Cookies and Related Technologies

This site uses cookies and similar technologies to personalize content, measure traffic patterns, control security, track use and access of information on this site, and provide interest-based messages and advertising. Users can manage and block the use of cookies through their browser. Disabling or blocking certain cookies may limit the functionality of this site.

Do Not Track

This site currently does not respond to Do Not Track signals.


Pearson uses appropriate physical, administrative and technical security measures to protect personal information from unauthorized access, use and disclosure.


This site is not directed to children under the age of 13.


Pearson may send or direct marketing communications to users, provided that

  • Pearson will not use personal information collected or processed as a K-12 school service provider for the purpose of directed or targeted advertising.
  • Such marketing is consistent with applicable law and Pearson's legal obligations.
  • Pearson will not knowingly direct or send marketing communications to an individual who has expressed a preference not to receive marketing.
  • Where required by applicable law, express or implied consent to marketing exists and has not been withdrawn.

Pearson may provide personal information to a third party service provider on a restricted basis to provide marketing solely on behalf of Pearson or an affiliate or customer for whom Pearson is a service provider. Marketing preferences may be changed at any time.

Correcting/Updating Personal Information

If a user's personally identifiable information changes (such as your postal address or email address), we provide a way to correct or update that user's personal data provided to us. This can be done on the Account page. If a user no longer desires our service and desires to delete his or her account, please contact us at customer-service@informit.com and we will process the deletion of a user's account.


Users can always make an informed choice as to whether they should proceed with certain services offered by InformIT. If you choose to remove yourself from our mailing list(s) simply visit the following page and uncheck any communication you no longer want to receive: www.informit.com/u.aspx.

Sale of Personal Information

Pearson does not rent or sell personal information in exchange for any payment of money.

While Pearson does not sell personal information, as defined in Nevada law, Nevada residents may email a request for no sale of their personal information to NevadaDesignatedRequest@pearson.com.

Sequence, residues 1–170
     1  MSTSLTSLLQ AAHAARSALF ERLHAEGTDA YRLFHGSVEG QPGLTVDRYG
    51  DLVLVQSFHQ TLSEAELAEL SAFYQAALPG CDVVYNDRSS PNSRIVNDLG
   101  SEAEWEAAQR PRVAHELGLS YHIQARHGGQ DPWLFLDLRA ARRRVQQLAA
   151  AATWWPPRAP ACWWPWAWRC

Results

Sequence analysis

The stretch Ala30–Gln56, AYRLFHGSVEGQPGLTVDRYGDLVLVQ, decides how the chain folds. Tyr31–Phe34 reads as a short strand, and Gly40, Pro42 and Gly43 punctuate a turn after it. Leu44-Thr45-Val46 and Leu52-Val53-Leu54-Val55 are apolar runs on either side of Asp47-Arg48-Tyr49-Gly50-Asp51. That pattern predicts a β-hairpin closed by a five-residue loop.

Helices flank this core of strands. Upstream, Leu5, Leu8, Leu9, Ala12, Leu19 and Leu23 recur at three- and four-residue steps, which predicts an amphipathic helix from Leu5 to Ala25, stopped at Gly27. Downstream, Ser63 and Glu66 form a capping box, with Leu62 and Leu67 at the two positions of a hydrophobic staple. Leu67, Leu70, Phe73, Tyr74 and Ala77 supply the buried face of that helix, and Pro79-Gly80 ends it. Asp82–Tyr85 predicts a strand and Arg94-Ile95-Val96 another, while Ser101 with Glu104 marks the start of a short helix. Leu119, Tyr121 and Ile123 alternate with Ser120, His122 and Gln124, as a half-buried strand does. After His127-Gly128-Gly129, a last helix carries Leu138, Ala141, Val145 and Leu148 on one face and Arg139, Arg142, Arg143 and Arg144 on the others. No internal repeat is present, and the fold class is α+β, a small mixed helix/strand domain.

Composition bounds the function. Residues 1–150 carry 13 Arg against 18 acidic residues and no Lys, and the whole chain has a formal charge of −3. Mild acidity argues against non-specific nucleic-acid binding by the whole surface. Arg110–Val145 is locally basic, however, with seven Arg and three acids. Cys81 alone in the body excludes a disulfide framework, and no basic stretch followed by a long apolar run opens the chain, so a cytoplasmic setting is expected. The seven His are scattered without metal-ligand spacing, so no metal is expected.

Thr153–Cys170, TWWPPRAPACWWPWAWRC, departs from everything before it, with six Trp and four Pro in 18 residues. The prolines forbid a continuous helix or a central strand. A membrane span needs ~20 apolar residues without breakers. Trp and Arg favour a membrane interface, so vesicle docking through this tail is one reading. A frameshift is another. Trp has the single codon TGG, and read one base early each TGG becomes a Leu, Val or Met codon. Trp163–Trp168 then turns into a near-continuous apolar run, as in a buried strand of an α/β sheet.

Supplemental Privacy Statement for California Residents

California residents should read our Supplemental privacy statement for California residents in conjunction with this Privacy Notice. The Supplemental privacy statement for California residents explains Pearson's commitment to comply with California law and applies to personal information of California residents collected in connection with this site and the Services.

Sharing and Disclosure

Pearson may disclose personal information, as follows:

  • As required by law.
  • With the consent of the individual (or their parent, if the individual is a minor)
  • In response to a subpoena, court order or legal process, to the extent permitted or required by law
  • To protect the security and safety of individuals, data, assets and systems, consistent with applicable law
  • In connection the sale, joint venture or other transfer of some or all of its company or assets, subject to the provisions of this Privacy Notice
  • To investigate or address actual or suspected fraud or other illegal activities
  • To exercise its legal rights, including enforcement of the Terms of Use for this site or another contract
  • To affiliated Pearson companies and other companies and organizations who perform work for Pearson and are obligated to protect the privacy of personal information consistent with this Privacy Notice
  • To a school, organization, company or government agency, where Pearson collects or processes the personal information in a school setting or on behalf of such organization, company or government agency.


This web site contains links to other sites. Please be aware that we are not responsible for the privacy practices of such other sites. We encourage our users to be aware when they leave our site and to read the privacy statements of each and every web site that collects Personal Information. This privacy statement applies solely to information collected by this web site.

Requests and Contact

Please contact us about this Privacy Notice or if you have any requests or questions relating to the privacy of your personal information.

Changes to this Privacy Notice

We may revise this Privacy Notice through an updated posting. We will identify the effective date of the revision in the posting. Often, updates are made to provide greater clarity or to comply with changes in regulatory requirements. If the updates involve material changes to the collection, protection, use or disclosure of Personal Information, Pearson will provide notice of the change through a conspicuous notice on this site or other appropriate way. Continued use of the site after the effective date of a posted revision evidences acceptance. Please contact us if you have questions or concerns about the Privacy Notice or any objection to any revisions.

Last Update: November 17, 2020